The third-party trustee can invest the funds however you like. You can earn interest income on the money from the sale while it sits in the trust and only begin paying capital gains taxes when you start receiving principal payments.

Here’s an image of the process courtesy of jrw.com:

#5. Opportunity zones

Another way to defer capital gain tax when selling real estate is by investing through a qualified opportunity zone (QOZ).

The Tax Cuts and Jobs Act passed by Congress in 2017 created this program which encourages real estate investors to put their money in low-income areas in the United States by offering significant tax benefits.

Capital gain tax on a property sale can be deferred by investing in a QOZ through qualified opportunity funds (QOF). The deferral is in effect until the investment is sold or exchanged or on Dec. 31, 2026, whichever comes first.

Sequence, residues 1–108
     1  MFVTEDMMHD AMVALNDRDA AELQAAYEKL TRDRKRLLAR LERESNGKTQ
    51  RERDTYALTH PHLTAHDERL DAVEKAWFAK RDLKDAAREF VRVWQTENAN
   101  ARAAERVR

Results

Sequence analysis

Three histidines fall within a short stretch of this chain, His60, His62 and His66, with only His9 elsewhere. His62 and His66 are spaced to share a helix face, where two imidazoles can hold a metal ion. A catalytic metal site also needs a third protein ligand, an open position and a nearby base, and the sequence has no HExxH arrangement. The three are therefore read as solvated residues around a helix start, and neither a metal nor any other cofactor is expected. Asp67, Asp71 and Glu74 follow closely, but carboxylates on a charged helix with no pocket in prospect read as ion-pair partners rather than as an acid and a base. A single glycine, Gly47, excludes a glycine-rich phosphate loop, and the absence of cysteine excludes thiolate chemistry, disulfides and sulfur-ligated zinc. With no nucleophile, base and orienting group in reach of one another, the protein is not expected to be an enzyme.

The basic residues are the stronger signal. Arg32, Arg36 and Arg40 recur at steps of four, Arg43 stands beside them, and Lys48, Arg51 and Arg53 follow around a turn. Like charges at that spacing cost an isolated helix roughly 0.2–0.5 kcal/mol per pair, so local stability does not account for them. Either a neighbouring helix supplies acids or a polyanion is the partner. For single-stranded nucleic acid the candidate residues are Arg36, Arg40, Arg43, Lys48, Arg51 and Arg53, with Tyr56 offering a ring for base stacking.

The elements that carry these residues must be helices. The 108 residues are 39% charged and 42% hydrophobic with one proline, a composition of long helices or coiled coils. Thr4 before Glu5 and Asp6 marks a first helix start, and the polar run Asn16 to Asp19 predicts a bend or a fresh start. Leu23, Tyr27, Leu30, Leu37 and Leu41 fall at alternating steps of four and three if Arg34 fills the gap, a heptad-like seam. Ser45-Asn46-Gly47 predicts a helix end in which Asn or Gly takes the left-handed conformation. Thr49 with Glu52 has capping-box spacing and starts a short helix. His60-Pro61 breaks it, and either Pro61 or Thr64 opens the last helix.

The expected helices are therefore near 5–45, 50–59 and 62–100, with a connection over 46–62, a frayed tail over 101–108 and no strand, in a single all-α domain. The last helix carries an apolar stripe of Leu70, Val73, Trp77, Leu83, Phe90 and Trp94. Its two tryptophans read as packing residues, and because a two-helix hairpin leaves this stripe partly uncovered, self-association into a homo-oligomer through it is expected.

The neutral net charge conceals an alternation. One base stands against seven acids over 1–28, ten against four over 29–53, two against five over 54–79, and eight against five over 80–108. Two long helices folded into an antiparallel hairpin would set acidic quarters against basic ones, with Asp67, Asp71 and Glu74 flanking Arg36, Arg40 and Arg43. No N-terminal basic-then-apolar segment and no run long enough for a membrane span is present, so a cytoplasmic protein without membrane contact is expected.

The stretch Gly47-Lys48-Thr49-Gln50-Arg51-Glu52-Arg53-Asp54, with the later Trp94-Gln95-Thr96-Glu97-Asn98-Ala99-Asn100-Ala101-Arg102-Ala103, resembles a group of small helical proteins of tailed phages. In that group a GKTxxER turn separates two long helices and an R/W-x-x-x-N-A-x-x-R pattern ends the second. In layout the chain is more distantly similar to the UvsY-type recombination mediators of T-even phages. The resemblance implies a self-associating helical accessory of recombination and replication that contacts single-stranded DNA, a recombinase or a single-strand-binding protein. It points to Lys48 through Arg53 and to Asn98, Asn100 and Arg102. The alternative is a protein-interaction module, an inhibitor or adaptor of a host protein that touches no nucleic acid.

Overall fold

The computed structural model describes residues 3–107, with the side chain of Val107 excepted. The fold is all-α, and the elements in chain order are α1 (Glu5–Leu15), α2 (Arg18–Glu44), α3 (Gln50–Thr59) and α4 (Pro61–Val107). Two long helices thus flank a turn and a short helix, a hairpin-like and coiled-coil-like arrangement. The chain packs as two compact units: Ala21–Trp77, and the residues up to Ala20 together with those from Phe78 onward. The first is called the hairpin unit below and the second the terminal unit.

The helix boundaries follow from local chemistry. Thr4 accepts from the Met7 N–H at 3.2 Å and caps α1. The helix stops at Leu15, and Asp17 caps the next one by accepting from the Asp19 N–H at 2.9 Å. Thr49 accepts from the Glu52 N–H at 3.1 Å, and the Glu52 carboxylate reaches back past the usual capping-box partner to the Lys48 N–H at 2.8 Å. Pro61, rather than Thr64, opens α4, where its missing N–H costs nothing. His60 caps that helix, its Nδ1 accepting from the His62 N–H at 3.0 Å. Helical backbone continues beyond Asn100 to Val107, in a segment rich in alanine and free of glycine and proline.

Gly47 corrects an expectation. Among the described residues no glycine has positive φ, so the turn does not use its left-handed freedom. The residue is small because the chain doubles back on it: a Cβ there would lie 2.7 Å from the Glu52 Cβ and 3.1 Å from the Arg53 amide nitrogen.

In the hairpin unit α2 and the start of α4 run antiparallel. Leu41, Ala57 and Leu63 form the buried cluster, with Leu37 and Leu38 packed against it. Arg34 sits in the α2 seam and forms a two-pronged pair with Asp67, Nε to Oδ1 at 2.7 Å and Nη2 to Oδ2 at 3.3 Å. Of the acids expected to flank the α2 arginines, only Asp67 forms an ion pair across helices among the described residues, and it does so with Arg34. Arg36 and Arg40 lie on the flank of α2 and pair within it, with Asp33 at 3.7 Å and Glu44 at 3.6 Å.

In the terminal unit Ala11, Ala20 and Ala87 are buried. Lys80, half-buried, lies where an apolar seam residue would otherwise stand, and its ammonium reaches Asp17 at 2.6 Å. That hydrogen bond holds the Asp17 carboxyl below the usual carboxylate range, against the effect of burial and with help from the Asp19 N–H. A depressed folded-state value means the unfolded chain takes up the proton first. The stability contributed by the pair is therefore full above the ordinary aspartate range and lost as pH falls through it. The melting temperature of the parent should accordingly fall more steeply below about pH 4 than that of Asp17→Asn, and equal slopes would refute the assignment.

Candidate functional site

Similar to the 1031 exchange timeline, the QOZ investment program must also meet certain requirements.

Within 180 days of the sale of the property, the capital gains must be invested and needs to be exchanged for equity interest and not debt interest.

The time period in which the investment is held determines the amount of tax benefit received. 

For example, if the investment is held for at least:

  • 5 years – the basis of the investment increases by 10% of the deferred gain
  • 7 years – the basis of the investment increases by an additional 5% of the deferred gain
  • 10 years – the basis can be adjusted to its fair market value on the date it is sold or exchanged

Final Word

Too many people are focused on offense (making more money) when they should be focused more on defense (keeping the money they have).

Real estate investors can easily save thousands of dollars on capital gains taxes by using a few of the strategies mentioned in this article.

Make sure you speak with a qualified tax advisor to give you the best advice on which ones to choose.